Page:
Autonomous pizza delivery (and food delivery in general) has been the center of the driverless vehicle discussion for years. Every year, it seems as though the conversation remains the same, with tech companies ensuring that the vehicles will become standard soon. Yet why hasn’t that happened?
The setbacks within the autonomous vehicle industries can range from regulations to logistics. However, autonomous delivery is still on its way into mainstream attention and use. To better understand the necessities and impediments that the industry faces, it’s essential to know the recent steps developers have taken.
The Rise of Autonomous Food and Pizza Delivery
Autonomous vehicles aren’t a new idea — they’ve been around in media as futuristic concepts that seem a long way off. However, they’re here now, and companies have them ready to go or already in play.
One of the main focuses of the conversation is the robotics company Nuro, which specializes in autonomous delivery vehicles. In mid-2019, they announced a partnership with Domino’s Pizza. Together, the two companies planned to implement driverless delivery in the fall of 2019.
Nuro and Domino’s designed these vehicles to drive at low speeds on highways, through cities and more. A customer can track their delivery on the Domino’s app, and once the car reaches a customer’s house, they enter a code the app provides to unlock the vehicle and retrieve the order. Since these vehicles don’t require anyone to operate them, they only feature space inside for the hot and cold contents. The cars don’t need seats, steering wheels or room for people.
Uber is also getting involved in the autonomous industry. The company already expanded into the food delivery service with Uber Eats, so adding autonomous vehicles is within its reach. Alongside cars, it’s looking into drone delivery in urban areas. This technology would put the brand in competition with Amazon and Google drone services that deliver packages right to a customer’s home.
On a smaller scale, driverless delivery is impacting campuses. In Stockton, California, students at the University of the Pacific were able to place food orders for delivery in 2019. The compact vehicles, developed by PepsiCo, would then bring their food. However, with the university’s system, as well as Uber and Domino’s, logistics and regulations became impediments.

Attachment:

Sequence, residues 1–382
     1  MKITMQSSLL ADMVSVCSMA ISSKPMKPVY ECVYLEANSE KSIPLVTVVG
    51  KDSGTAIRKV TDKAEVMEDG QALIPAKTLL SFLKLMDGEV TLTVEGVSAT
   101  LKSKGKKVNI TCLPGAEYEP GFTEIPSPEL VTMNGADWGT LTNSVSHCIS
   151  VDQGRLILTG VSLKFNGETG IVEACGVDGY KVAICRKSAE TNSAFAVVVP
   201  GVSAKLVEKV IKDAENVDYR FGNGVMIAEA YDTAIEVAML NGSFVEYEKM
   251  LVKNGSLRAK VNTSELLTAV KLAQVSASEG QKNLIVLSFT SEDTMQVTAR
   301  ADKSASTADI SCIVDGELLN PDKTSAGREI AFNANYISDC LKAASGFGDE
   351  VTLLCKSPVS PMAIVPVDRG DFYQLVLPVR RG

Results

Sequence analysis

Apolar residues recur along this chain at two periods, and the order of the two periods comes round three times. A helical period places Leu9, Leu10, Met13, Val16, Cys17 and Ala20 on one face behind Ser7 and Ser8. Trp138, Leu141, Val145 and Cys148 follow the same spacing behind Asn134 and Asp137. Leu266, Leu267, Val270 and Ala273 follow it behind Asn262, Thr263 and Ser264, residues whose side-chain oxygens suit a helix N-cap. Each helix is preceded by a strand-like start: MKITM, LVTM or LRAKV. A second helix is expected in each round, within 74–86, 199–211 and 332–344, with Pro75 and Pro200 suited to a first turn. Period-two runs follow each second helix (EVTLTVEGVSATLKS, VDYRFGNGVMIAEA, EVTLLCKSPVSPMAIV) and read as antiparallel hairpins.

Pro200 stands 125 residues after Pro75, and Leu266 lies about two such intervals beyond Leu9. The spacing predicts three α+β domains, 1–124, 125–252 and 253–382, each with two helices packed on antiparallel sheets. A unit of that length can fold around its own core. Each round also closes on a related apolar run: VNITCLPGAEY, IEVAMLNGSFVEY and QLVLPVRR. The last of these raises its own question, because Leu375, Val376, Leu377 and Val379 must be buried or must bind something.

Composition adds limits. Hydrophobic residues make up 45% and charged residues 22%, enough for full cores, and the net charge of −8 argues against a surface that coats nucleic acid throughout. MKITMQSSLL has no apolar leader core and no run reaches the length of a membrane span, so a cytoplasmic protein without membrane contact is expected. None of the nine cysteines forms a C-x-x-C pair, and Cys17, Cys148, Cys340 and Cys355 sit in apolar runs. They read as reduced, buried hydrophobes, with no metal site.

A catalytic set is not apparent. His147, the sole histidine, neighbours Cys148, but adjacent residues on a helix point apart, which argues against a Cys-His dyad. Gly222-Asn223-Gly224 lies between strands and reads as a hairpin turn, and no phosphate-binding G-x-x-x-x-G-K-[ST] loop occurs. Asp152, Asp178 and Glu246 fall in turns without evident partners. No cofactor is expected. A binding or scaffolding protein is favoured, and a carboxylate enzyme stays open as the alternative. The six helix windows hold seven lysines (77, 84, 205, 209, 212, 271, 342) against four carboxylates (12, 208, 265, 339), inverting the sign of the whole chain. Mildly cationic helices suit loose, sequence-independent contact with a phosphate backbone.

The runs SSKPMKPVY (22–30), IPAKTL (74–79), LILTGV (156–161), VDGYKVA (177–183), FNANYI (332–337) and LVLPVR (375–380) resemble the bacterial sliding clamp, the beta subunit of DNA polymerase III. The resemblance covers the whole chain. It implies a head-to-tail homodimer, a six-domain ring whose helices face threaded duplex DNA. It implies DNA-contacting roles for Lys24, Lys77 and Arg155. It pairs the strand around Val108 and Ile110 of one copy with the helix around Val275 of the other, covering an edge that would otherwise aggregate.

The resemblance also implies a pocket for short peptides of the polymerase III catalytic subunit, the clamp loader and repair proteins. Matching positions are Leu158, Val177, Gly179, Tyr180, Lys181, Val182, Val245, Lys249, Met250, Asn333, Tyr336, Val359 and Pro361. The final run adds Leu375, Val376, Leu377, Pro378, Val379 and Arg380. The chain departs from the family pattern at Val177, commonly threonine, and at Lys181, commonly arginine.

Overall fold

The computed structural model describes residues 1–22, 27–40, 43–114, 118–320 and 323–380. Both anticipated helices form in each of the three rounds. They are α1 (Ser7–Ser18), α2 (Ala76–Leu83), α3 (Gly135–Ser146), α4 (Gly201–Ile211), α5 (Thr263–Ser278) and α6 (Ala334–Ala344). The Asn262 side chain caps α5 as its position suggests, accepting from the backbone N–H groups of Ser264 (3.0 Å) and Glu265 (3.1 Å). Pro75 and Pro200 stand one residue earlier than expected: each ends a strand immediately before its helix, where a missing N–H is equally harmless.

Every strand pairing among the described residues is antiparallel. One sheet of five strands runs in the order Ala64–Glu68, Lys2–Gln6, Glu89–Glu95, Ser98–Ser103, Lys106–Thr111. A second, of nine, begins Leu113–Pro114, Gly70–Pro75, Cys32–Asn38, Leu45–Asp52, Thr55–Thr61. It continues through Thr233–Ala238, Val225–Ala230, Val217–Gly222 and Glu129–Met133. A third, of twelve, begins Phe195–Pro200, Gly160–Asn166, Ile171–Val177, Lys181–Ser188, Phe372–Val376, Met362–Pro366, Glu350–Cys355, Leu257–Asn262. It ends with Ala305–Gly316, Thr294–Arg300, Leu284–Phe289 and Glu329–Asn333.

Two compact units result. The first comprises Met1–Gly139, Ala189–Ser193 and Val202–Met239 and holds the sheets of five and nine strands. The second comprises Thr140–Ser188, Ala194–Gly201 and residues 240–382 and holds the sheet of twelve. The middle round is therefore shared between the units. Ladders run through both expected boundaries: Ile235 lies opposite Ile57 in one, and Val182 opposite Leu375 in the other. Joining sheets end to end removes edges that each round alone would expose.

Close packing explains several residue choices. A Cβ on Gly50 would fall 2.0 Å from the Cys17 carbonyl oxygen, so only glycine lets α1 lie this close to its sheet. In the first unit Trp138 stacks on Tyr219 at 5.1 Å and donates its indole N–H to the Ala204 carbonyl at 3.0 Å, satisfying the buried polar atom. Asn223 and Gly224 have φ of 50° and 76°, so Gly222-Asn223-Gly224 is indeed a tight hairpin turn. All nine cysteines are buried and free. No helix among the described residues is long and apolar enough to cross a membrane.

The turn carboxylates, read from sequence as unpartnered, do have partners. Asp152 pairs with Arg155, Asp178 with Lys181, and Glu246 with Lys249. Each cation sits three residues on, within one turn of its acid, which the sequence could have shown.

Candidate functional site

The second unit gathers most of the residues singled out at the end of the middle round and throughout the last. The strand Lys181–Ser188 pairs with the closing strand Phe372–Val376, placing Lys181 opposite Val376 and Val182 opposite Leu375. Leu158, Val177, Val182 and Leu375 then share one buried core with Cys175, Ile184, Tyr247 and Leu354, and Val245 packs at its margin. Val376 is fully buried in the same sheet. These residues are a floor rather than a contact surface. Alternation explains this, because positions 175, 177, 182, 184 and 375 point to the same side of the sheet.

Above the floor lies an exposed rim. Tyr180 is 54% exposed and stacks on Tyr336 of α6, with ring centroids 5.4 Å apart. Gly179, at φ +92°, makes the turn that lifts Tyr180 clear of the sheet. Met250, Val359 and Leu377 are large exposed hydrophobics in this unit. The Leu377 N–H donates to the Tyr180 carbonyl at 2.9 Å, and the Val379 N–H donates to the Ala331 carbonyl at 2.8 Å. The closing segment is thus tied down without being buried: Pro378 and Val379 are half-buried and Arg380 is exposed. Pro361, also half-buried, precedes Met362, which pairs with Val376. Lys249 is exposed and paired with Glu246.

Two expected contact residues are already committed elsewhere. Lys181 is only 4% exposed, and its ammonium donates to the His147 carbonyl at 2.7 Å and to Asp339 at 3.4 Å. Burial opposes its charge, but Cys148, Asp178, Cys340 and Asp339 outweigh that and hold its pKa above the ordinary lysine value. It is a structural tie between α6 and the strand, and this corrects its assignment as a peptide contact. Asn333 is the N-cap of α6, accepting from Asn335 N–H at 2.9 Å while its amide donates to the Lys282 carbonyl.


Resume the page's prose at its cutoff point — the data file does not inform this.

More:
What Happened to Autonomous Delivery?
With all the momentum and excitement around autonomous delivery, why do experts promise integration every year? What happened that keeps driverless delivery seemingly sedentary?
In short, nothing happened to the industry, at least not in terms of relevance. It’s not going anywhere anytime soon. However, the problems that autonomous delivery faces are slowing it down. Just as companies think they have a hold on kicking off their driverless vehicles, other issues pop up. From regulations to safety to practicality, the industry faces a number of setbacks, which is why the promises seem repetitive.
For instance, Nuro’s plans for Domino’s delivery has several obstacles to overcome. Though deliveries across cities, highways, and traffic are ambitious, it comes with safety risks and logistical issues. How will the vehicle get around objects or stopped cars? How can it work with traffic? How can Nuro ensure safety for people or animals on the road?